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I found this image on social media from a great geography teacher (link to his site--looking for APHG group activities? Try this). This picture taken at the Jewish Community Center (JCC) in Memphis, TN shows an intrguing linguistic combination that I had never imagined before. This is referred to as cultural syncretism, where two or more cultures or cultural traits combine together to make something new. Globalization and migration are making more cultural combinations than we've ever seen before in this human mosaic we call home.
Tags: language, culture, the South, APHG, religion, landscape.
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Boston-born Jennifer Grout has amazed Middle Eastern viewers, reaching the Arabs Got Talent final despite speaking little Arabic
Born and raised in Boston, Grout's Arabic accent has inspired debates about whether she is merely pretending to be a westerner. Her fellow contestants are from different parts of the Middle East, and include Mayam Mahmoud, 18, billed as Egypt's first hijab-wearing rapper.
TV shows have regionalized networks, but sometimes the audience wants something beyond their local borders and that pushes the limits of what many think that audience might want or even redefine the audience itself. Hijab-wearing rappers and blond-haired, blue-eyed girls from Boston singing in Arabic (watch here) certainly blur the distinction between what we think is Middle Eastern and what think of as American. Globalization is increasing erasing those cultural lines.
televised events like this can help us see how integrated certain regions have become. One would never think to see a New England girl on an Arabs Got Talent show, but now ethnic diversity is become more prevalent opening up our minds to what we should be expecting worldwide in terms of cultural representation, and ethnic representation. Also the idea of female rappers in Muslim areas demonstrates how women are stepping up defying cultural norms and playing roles that have been traditionally expected for men.
Few know "boondocks" is a relic of U.S. military occupation in the Philippines.
I imaged that the term 'the boondocks' was of Asian origin, but I was surprised to learn how this U.S. military lingo was able to become a mainstream term. The Tagalog word bundok means mountain and given the guerrilla warfare tactics, U.S. soldiers thought of their enemies as hiding 'in the boondocks.' This term spread throughout the military to mean an isolated region, but today the term has morphed from its military-based meaning of mountainous jungles to one that can also describe a sparsely populated rural America. This is a fascinating article from NPR's Code Switch team that focuses on issues of culture, identity and race.
Tags: language, toponyms, historical, conflict, culture, diffusion.
We have all heard the phrase living in the "Boonies" The boondocks was a word that was taken from a philipino word called Bundok, that meant the guerilla warfare they were experiencing from phillipino insurgents during the Spanish American War with the America. In this war which Teddy Roosevelt helped lead we gained US Puerto Rico and Guam as new Territories from the Treaty of Paris. The war was fought against Emilio Aguinaldo who was a master at guerilla tactics against American soldiers. This was a desperate war involving coloniazation or exerting our power as a country against other countries that ammassed a huge death toll. Now that we know the word boondok, is not an all American word that was popularized in the 1950's but it was actually taken from the Phillipino language during a time of fighting in the Jungle or the Sticks. But boondocks also refers to a people living around mouintainous regions. Just some food for thought.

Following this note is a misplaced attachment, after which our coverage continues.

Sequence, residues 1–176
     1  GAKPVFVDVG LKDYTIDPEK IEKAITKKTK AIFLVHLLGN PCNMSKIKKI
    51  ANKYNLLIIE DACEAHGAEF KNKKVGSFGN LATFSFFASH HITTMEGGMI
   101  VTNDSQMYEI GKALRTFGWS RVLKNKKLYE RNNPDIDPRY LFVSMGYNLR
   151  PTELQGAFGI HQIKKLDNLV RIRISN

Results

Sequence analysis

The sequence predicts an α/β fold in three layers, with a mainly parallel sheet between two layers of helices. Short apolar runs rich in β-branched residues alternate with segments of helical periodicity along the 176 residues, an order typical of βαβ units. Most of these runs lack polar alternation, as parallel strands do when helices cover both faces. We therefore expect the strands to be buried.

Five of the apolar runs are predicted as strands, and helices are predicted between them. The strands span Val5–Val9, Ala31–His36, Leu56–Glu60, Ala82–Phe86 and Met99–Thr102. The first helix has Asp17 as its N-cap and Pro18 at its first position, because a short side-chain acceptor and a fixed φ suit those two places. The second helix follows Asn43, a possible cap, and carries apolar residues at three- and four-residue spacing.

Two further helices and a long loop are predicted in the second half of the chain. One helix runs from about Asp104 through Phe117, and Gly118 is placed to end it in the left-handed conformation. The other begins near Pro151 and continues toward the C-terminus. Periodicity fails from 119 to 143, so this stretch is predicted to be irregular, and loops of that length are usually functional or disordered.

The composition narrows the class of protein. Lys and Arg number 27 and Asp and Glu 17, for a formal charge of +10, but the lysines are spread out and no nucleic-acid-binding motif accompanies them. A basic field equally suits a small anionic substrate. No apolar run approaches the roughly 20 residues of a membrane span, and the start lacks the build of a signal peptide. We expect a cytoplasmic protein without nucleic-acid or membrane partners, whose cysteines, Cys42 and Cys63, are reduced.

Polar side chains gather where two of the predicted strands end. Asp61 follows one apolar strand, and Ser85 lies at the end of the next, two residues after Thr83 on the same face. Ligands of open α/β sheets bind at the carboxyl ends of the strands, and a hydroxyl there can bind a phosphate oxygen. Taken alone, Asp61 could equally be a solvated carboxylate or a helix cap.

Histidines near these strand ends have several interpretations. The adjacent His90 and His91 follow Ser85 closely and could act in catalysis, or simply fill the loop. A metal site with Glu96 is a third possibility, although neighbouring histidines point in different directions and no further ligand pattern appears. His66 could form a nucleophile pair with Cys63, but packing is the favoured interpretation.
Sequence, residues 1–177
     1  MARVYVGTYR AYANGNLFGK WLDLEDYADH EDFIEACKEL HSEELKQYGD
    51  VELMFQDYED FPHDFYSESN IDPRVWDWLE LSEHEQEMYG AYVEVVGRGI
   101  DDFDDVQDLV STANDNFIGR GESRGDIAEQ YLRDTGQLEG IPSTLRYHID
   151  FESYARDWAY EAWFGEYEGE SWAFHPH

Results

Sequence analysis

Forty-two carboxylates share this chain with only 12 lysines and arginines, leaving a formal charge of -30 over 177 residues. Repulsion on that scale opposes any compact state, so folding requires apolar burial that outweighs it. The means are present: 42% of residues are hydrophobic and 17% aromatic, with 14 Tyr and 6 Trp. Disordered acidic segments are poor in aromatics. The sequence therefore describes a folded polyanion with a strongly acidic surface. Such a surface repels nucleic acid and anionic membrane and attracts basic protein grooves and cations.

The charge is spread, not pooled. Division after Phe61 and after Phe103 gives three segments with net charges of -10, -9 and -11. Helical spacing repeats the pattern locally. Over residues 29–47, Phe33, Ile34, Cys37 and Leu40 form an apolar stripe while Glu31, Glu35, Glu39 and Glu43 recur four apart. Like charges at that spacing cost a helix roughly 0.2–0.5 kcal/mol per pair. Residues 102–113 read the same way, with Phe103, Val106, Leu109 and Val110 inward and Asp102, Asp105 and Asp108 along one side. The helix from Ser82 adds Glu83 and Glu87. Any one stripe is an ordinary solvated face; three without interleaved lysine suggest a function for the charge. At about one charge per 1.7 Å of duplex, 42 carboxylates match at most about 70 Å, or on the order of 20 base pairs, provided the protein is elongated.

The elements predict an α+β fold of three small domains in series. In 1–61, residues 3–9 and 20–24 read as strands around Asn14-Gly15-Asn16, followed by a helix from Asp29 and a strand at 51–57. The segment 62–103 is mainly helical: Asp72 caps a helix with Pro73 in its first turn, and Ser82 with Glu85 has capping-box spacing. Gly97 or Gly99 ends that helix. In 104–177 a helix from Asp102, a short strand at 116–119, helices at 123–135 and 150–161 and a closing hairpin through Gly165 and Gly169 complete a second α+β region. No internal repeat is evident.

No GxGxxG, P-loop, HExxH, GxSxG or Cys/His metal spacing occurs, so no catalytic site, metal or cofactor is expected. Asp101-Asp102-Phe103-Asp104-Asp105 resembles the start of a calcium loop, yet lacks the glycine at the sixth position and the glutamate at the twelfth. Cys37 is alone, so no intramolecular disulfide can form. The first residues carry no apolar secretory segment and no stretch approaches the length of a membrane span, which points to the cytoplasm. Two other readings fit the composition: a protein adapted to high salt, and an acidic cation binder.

" 549 players from 62 different countries play in MLS in the United States"
In the United States, soccer is not as prevalant as it is in so many other countries around the world (but it is growing in importance in the United States as well). This cultural discrepancy accounts for both of the spatial distribution of where athletes playing in Major League Soccer in the United States come from--answer: all over. Also, American fans of the English Premier League have distinct preferences based on different cultural meanings behind team affiliations.
Tag: sport, spatial.
This might be interesting for those interested in football (soccer).
Ethnicity in action HUGGERS!
Perfect example of cultural diffusion.
Michael Slackman, The Times's Berlin Bureau Chief, looks into the city's obsession with a popular street dish that combines sausage, ketchup and curry powder.
This short video on the street foods of German cities is a rich, tangible example to show cultural patterns and processes. Culture is not static and this New York Times video can be used to teach the various concepts of culture; per the updated APHG outline, the initial concepts of culture are:
Question to Ponder: How are these 5 major elements of culture seen in this video?
Tags: food, migration, culture, diffusion, globalization, consumption.
" Currywurst is a great example of globalization and how different cultures and customs have made their way across the globe to other countries. They continue with their traditional customs but allow other cultures to migrate their way and blend with others. In this article the currywurst is a blend of Germany, The USA, and India by way of the UK. THe sauage is the German aspect, the ketchup is the USA, and curry is India's tradition,"